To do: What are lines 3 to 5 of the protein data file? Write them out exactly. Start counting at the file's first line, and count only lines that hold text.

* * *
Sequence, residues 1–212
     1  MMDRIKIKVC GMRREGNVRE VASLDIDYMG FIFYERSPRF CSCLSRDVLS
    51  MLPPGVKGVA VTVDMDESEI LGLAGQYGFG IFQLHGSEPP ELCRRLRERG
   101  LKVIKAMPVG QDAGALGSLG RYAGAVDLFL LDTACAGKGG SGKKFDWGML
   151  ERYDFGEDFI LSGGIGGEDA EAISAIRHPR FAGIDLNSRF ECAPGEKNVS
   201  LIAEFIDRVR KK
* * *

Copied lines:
    51  MLPPGVKGVA VTVDMDESEI LGLAGQYGFG IFQLHGSEPP ELCRRLRERG
   101  LKVIKAMPVG QDAGALGSLG RYAGAVDLFL LDTACAGKGG SGKKFDWGML
   151  ERYDFGEDFI LSGGIGGEDA EAISAIRHPR FAGIDLNSRF ECAPGEKNVS